Seeger sing-along a fan pleaser

Seeger sing-along a fan pleaser

Globe and Mail Update

July 7, 2008 at 10:41 AM EDT

Pete Seeger At Hugh’s Room in Toronto on Sunday

A rumoured appearance of Gordon Lightfoot failed to materialize, but folk music fans at a Toronto dinner club were hardly disappointed. A concert, one of two at Hugh’s Room that sold out within days of their announcement, featured the scheduled show of Pete Seeger, the 89-year-old banjo-toting troubadour who performed as part of a trio that included acoustic blues artist Guy Davis and Seeger’s grandson, Tao Rodriguez-Seeger.

Although the three alternated lead vocals and presented two sets of acoustic blues, folk and gospel as a trio, the reverential audience’s attention was clearly drawn to the still-spry balladeer, who earned a standing ovation before he’d even sung a note. Dressed as a contemporary of Woody Guthrie and protest-music pioneer would be – plaid shirt and blue jeans, with a red hankie poking out from a back pocket – Seeger took the second verse of the opening Midnight Special, an amiable ditty sung from the point of view of the imprisoned. Davis updated a lyric to mention Guantanamo Bay.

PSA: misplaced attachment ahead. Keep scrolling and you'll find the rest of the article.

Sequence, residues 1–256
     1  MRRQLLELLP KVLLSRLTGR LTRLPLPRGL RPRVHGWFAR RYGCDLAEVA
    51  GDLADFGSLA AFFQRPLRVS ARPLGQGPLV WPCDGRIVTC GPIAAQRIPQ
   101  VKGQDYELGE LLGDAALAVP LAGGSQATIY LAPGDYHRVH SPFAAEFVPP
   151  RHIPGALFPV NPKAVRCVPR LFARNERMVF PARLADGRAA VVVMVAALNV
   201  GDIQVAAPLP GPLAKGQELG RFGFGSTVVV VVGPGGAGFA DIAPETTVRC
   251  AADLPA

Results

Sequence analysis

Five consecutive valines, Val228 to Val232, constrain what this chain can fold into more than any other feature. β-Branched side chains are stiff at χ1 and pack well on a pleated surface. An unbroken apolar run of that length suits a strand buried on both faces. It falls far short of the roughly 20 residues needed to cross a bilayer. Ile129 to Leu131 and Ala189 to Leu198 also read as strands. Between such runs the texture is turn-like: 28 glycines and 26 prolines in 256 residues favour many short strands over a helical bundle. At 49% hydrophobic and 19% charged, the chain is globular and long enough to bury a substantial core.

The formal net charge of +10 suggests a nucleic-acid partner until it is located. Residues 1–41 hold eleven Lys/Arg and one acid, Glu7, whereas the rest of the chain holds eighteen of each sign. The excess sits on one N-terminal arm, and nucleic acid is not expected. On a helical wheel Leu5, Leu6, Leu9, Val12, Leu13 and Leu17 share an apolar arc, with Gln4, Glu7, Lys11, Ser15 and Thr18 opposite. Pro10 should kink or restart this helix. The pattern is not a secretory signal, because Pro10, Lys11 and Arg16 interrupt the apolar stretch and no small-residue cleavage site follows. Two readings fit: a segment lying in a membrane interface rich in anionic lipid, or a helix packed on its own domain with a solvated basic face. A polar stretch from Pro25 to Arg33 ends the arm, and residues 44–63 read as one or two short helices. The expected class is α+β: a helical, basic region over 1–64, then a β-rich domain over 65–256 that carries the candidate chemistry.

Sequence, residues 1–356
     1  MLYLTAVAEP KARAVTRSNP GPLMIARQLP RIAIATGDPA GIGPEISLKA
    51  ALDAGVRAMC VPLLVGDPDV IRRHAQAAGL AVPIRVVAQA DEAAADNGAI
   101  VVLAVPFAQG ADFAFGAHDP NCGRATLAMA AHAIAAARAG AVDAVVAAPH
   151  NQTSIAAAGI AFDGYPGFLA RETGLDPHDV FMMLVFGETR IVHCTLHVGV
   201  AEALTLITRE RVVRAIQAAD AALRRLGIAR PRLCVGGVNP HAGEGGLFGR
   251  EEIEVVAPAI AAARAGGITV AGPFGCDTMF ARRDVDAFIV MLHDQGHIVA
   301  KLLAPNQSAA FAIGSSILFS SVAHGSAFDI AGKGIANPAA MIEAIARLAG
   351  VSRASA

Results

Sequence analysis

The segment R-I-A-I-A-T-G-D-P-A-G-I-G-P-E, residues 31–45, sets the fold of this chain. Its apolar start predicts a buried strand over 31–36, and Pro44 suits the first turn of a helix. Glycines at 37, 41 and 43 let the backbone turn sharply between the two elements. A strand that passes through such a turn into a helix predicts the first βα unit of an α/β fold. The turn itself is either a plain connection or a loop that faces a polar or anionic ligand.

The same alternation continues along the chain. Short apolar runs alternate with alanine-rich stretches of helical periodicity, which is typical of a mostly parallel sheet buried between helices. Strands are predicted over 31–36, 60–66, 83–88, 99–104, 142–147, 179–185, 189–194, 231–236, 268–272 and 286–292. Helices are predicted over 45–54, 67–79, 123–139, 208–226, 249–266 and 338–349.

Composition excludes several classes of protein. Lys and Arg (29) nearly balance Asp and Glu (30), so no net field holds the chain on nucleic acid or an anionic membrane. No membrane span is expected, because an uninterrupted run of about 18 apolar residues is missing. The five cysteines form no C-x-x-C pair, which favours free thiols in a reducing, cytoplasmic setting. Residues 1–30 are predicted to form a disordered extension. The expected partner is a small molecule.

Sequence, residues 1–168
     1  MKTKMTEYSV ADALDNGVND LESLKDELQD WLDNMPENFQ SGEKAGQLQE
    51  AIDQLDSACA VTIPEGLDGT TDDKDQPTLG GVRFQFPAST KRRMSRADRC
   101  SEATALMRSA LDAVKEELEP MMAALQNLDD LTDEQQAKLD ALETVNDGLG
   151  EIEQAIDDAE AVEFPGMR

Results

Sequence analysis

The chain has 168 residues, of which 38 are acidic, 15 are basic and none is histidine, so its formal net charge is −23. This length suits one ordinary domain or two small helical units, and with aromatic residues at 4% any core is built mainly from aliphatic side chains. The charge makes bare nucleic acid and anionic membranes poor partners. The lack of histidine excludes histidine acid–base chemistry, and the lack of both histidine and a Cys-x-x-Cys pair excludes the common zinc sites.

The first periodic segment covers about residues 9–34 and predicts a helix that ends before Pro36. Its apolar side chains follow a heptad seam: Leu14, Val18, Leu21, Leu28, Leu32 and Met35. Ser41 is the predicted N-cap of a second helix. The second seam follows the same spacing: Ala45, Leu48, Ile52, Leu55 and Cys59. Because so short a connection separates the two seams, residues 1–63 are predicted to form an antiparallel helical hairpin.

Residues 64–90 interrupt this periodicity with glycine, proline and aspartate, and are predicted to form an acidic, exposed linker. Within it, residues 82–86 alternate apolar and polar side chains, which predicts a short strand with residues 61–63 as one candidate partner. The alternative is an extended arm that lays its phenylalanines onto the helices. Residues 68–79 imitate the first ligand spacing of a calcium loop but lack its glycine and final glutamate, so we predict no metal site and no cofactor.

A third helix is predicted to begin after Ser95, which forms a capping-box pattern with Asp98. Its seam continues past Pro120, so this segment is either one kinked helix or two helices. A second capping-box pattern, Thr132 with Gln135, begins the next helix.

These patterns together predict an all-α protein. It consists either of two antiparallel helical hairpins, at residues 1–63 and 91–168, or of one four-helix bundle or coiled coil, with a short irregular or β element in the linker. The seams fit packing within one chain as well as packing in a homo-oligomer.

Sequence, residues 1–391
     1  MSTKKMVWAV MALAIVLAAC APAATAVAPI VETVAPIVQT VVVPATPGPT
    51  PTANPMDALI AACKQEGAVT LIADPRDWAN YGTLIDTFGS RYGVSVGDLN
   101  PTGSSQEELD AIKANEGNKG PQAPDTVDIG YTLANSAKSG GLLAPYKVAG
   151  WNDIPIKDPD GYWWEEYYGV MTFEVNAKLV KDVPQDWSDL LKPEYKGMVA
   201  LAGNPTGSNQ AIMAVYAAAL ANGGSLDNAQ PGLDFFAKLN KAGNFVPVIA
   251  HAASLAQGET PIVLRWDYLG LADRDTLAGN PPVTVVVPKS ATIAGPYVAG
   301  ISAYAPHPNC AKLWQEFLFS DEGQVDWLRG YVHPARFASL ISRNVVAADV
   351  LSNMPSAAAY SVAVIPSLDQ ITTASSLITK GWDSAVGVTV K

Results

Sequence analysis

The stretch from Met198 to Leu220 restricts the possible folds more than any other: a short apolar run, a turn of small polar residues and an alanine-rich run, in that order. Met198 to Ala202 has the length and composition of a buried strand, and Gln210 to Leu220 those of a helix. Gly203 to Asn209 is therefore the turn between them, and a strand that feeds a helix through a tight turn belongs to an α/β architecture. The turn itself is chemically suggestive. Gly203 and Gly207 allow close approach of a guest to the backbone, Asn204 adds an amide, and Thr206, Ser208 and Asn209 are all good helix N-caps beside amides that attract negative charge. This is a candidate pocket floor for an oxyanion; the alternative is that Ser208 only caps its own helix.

Seeger played his banjo but seemed more comfortable in the roll of a sing-along leader. “This is an old song, and I’m going to sing it slower than you’ve ever heard it,” he said, introducing a lung-stretching version of Amazing Grace. “The advantage of going slow is that if you hit the wrong note, you have time to slide over.”

The first set ended with the appearance of Canadian folk legend Sylvia Tyson, who added her voice to If I Had a Hammer, controversial in 1949, but now pleasantly communal.

A second set was highlighted by Seeger’s Turn! Turn! Turn!, an enduring plea for world peace that was a hit for the Bryds in 1965.

The concert was one of five in benefit of the Unitarian Service Committee of Canada’s Seeds of Survival program, dedicated to marginal farming communities in developing nations. After a second show Monday night in Toronto, Seeger moves to the Grand Theatre in Kingston Tuesday before heading to Ottawa’s National Library Theatre on Wednesday.

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